Evers used his veto powers to provide an additional $87 million for schools. But he also trimmed K-12 funding elsewhere by eliminating a requirement that the state provide computers to high school students—a priority for Vos.
In all, Evers provided $65 million more for schools than what Republicans allocated.
The budget gives an additional $58 million to UW schools for their programs, which is about half what Evers wanted. Evers and Republicans agreed on providing about $1 billion to the UW System for building upgrades and new construction on campuses.
The budget keeps in place a freeze on in-state tuition that started in 2013. Evers supports the freeze but has said campuses need more taxpayer money to keep up with rising costs.
The spending plan will put $588 million in new state funding toward health care programs over the next two years. Republicans rejected Evers’ plan to take an additional $1 billion in federal funds through the Affordable Care Act to make BadgerCare Plus available to 82,000 more people and free up $324 million in state money.
To help pay for roads, the budget increases the title fee people pay when they buy vehicles by $95, from $69.50 to $164.50.
It also raises the annual registration fee by $10 for cars (from $75 to $85) and $25 for many light trucks (from $75 to $100). Republicans planned to cut the registration fee for light trucks weighing 8,000 pounds or more, but Evers used vetoes to keep them at their current level ($106 or $155, depending on weight).
Evers initially sought to raise the gas tax by nearly a dime a gallon over two years, but Republicans rejected that idea. They also threw out Evers’ plan to increase fees on semis by 27% to pay for roads.
With one veto, Evers spiked GOP plans to spend $2.5 million to study implementing tolling or other mileage-based fees on vehicles. Evers called the study unnecessary after years of research on how to fund roads.
To help secure the budget vote of GOP Sen. Chris Kapenga of Delafield last week, Republican leaders added the last-minute amendment changing how Tesla sells its vehicles. Kapenga has sponsored such legislation and asked for it to be tucked into the budget.
He owns a business that sells salvaged Tesla vehicles and Tesla parts, but he has described the company as primarily a hobby and said allowing Tesla to sell vehicles directly to consumers would not improve his bottom line.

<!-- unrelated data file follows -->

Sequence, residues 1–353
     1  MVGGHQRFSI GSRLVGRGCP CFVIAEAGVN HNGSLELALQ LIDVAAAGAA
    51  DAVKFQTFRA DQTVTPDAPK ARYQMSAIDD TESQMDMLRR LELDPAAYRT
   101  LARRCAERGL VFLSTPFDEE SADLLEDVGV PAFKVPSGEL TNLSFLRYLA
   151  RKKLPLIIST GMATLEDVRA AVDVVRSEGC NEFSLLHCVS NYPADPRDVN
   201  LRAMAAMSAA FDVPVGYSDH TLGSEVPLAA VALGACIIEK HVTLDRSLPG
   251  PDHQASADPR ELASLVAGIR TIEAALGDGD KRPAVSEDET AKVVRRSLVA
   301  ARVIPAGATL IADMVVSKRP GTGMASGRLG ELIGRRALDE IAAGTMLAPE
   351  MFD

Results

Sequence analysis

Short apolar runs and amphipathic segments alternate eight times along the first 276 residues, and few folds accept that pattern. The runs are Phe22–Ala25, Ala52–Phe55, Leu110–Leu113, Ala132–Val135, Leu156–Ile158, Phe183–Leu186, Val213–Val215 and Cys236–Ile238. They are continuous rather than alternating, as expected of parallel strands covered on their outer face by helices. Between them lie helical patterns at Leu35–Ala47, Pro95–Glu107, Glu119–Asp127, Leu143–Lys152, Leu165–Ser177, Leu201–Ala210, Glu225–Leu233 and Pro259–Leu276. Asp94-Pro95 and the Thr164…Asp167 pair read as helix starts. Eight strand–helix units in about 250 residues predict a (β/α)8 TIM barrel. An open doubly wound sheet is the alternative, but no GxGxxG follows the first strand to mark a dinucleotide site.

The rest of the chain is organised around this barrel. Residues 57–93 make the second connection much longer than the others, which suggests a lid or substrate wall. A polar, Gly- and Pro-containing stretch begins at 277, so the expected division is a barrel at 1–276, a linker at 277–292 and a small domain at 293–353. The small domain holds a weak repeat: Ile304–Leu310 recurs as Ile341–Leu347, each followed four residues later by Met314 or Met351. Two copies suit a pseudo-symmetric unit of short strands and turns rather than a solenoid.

Kapenga voted for the budget, which passed the Senate 17-16. Evers torpedoed the Tesla provision with a veto.
Evers, who declared 2019 to be the “year of clean drinking water,” failed to persuade Republicans to spend as much money as he wanted on an array of water programs.
GOP lawmakers reduced bonding by a total of $68 million for water projects, according to a memorandum from the nonpartisan Legislative Fiscal Bureau.
The biggest cuts in borrowing were the elimination in $40 million to replace lead water pipes in communities, including Milwaukee, and $21 million to pay for the cleanup of contaminated sediments. These toxic areas include spots in the Milwaukee River watershed.
Evers had the ability to veto the entire budget, but doing so would have sparked a fight with Republicans lawmakers that likely would have lasted months. In the meantime, schools and health care programs wouldn’t get any increases.
No governor has vetoed an entire budget since the state adopted its current budgeting system in 1931.
Evers acted on the budget two days after the July 1 start date of the two-year budget cycle. The last budget was delayed by three months because Republicans who controlled state government at the time couldn’t agree on how much to spend on highways.
Evers’ vetoes were not as creative as some of those issued by Republican Gov. Tommy Thompson and Democratic Gov. Jim Doyle.
Evers doesn’t have as much flexibility as those two governors did because voters over the years have amended the state constitution to curtail the veto powers of governors. Thompson was able to use the “Vanna White veto”—named for the “Wheel of Fortune” hostess—to remove letters from words to create new words. He and Doyle were able to use the “Frankenstein veto” to string together parts of two or more sentences to create a new sentence.
Delores A. Crook
Ronald Roy Petterson
Mary Elizabeth Wright